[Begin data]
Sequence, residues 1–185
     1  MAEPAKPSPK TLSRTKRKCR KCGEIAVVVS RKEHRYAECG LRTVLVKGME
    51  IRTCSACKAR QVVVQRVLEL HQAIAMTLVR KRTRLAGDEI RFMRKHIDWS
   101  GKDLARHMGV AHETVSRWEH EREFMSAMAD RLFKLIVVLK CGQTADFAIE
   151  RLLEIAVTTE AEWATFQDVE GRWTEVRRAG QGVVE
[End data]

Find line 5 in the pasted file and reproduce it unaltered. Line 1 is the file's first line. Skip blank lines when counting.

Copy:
   151  RLLEIAVTTE AEWATFQDVE GRWTEVRRAG QGVVE